Born in Harpenden, Hertfordshire (UK), in 1958, the great-granddaughter of Jewish refugees from Europe at the beginning of the 20th century, Blonstein earned a BA in Natural Sciences (Genetics) from Cambridge (1979) and a PhD for work on dwarfing genes in barley. In 1983 she moved to Basel, Switzerland, to undertake post-doctoral research on plant hormone genes, but in 1991 gave up employment as a scientist. After four years as a copy editor for a medical publisher, in 1996 she went freelance as a writer, translator and editor.
Her first poems were published in British and North American journals in the late 1980s. After one chapbook in 2002, her first full-length collection, the blue pearl, appeared from Salt in 2003. In 2001, she began appropriating the Hebrew hermeneutic procedures of notarikon and gematria for the creation of several book-length sequences. The intensely polylingual city of Basel -- which borders both France and Germany and has a large migrant population -- had a profound influence on her approaches to language.
The visual arts were also important for her poetry; also influential was contemporary classical music, especially post-1945 music by composers such as Nono, Boulez, Lachenmann, Holliger, Birtwistle and Ferneyhough. She collaborated on several projects with Swiss women composers, especially Mela Meierhans, who has set two texts written specifically for her, as well as pieces from the blue pearl.
Anne Blonstein died in 2011.
This recording was made on 6 May 2009 at the British Library by Andrea Brady and Steve Willey.
from a grey rose
from memory's morning
- la vida verde
- le matin de la mémoire
- son corps et un poème jaune
- still life grey ground
- vier goldene Ringe
from the blue pearl
from the butterflies and the burnings
- margaret: and they call it the valley of passion
- scholastica: an allegory in privacy
- the scroll of mary
- the butterflies and the burnings (2009, dusie press)
- correspondence with nobody (2008, ellectrique press)
- memory's morning (2008, Shearsman Books)
- hairpin loop (2007, Bright Hill Press)
- worked on screen (2005, Poetry Salzburg)
- that those lips had language (2005, Plan B Press)
- from eternity to personal pronoun (2005, Heliotrope)
- the blue pearl (2003, Salt Publishing)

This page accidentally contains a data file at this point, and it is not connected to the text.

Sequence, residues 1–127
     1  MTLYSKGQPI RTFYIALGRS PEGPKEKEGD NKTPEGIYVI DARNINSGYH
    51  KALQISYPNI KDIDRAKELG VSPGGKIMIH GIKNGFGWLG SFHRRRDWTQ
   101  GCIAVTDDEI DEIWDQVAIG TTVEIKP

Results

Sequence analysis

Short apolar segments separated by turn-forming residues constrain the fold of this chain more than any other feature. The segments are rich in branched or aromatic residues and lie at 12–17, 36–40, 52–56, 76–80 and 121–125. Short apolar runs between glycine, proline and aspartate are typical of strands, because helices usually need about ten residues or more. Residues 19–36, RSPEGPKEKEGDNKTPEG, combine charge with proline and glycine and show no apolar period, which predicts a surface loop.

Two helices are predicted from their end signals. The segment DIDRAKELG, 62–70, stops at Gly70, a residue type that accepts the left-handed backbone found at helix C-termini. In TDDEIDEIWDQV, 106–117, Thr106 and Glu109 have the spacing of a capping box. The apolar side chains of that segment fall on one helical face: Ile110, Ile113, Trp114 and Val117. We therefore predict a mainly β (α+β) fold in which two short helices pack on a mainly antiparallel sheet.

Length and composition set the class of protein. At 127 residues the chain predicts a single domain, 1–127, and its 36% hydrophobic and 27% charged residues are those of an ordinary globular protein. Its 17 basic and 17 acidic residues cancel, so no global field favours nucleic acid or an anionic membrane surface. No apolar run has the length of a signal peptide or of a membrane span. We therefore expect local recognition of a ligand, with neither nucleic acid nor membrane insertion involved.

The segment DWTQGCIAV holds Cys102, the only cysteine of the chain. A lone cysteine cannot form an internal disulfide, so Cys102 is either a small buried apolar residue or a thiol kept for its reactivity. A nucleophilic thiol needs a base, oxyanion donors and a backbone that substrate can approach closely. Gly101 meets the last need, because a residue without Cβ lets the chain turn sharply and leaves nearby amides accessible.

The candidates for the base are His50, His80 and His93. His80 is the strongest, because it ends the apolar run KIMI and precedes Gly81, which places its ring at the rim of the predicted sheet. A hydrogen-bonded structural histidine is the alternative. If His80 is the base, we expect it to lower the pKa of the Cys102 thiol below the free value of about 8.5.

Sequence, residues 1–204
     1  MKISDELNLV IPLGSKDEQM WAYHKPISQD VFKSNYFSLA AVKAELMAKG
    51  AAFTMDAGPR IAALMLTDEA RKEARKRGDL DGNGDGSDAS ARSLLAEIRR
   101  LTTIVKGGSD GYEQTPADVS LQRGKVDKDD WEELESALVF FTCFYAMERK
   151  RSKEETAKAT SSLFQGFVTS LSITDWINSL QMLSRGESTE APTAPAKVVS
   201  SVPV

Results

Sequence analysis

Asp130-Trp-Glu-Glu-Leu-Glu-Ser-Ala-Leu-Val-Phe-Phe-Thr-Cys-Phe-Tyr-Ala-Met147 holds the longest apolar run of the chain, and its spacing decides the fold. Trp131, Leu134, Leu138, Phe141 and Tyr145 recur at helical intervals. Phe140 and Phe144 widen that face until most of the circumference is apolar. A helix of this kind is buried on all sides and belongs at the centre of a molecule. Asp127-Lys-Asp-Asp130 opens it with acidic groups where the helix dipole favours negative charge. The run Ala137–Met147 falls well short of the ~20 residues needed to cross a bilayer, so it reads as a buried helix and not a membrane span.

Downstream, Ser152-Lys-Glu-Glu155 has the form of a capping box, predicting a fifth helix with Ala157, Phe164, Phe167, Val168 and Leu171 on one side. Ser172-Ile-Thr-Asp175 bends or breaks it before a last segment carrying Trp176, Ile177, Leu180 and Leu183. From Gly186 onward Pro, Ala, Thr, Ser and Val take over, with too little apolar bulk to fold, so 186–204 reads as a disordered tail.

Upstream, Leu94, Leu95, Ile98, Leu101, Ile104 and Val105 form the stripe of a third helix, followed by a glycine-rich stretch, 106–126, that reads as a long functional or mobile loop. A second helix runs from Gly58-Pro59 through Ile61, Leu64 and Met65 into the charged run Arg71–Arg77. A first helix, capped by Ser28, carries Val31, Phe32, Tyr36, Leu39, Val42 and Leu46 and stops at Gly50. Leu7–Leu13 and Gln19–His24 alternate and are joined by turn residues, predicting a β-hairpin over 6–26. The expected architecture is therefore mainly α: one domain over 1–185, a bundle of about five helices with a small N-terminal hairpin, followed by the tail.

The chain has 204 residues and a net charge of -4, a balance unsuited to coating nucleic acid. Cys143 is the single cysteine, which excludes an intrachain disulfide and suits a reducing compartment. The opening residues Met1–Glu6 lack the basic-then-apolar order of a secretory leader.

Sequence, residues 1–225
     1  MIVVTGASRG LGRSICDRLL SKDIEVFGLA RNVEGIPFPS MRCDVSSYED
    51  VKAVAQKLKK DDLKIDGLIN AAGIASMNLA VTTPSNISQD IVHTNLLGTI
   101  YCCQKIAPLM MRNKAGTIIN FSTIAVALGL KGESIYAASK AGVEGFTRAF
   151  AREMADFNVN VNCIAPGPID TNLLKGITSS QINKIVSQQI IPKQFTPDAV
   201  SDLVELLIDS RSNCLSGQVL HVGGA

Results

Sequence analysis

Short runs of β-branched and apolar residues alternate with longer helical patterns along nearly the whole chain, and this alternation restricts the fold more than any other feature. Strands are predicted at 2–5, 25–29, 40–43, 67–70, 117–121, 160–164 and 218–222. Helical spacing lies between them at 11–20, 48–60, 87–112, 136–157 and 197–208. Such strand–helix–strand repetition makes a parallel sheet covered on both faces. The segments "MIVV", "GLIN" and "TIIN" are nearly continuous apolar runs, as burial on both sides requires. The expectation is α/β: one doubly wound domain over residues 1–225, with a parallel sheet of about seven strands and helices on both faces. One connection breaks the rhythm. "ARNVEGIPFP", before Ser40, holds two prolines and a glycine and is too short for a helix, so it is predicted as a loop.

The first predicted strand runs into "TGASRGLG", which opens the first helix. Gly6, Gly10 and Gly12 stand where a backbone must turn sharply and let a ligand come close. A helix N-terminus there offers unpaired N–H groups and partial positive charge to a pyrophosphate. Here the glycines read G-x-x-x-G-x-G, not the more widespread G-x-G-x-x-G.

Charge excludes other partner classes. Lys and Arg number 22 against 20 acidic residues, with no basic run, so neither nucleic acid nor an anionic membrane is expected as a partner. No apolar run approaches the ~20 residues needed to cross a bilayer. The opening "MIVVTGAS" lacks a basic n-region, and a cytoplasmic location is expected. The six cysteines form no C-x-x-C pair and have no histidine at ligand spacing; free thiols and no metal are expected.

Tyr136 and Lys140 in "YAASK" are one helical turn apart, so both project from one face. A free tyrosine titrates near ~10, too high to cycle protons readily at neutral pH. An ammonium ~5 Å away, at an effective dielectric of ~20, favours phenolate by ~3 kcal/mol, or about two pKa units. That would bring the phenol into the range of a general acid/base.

- sand.soda.lime (2002, Broken Boulder Press)
Poems published in among others: Tears in the Fence (2010/2007); Cambridge Literary Review (2010); Word For/Word 16 (2010); Infinite Difference: Other Poetries from U.K. Women Poets, ed. Carrie Etter (2010, Shearsman Books); Salt Magazine Issue 2 (2009); The Copenhagen Review (2009); dusie Issue 6 (2009); Denver Quarterly 42(4) (2008); Interim vol. 24 (2006); Descant 135 (2006); The Argotist Online (2006); Notre Dame Review 20 (2005); Colorado Review 31(1) (2004)
never extenuates selfing
reads each disturbing phrases as
nominal dandelions unherbing
clearings of night fumblings of noon
a voice enploring
swirls attributes bearing light's
vocabularies resinate among
relaxing eyes find us greeting
'These poems also seem to shimmer on a border. The poems are liminal and have the brightness and evanescence of dreamed material intermingled with something nominally more solid — daily life. The works notate various parts of daily life — work life, literary life, relational life. The texts seem to want to make a third space, a third way, a third "stanza" or room in which materials kept apart (job/personal life; dream waking; fantasy/reality) are fused together. This might be the reason for the invention of a multiple-volta "sonnet"; in all these works, Blonstein communicates a sense of "between" — an evanescent, mobile space in time, fixed only temporarily by holding these works on the page.' --Rachel Blau DuPlessis, In the Wunderkammer, Word for/Word 16 (2010)
'The project is heir to Benjamin's "Theses on the History of Philosophy," capturing the courage and intelligence of history's forgotten ones, rendering them anew, under the aegis of a Jewish woman's language experiments. This is a fascinating and, for many of us, compelling development in contemporary poetry and deserves far richer exegetical attention than a book review can provide: this work deserves its own notarikon process to justly embed it anew in an analytic chrysalis of syllables and contexts, such as the one in which it has embedded at least this reader.' --Maria Damon, Cathedral / palimpsest, Jacket 28, 2009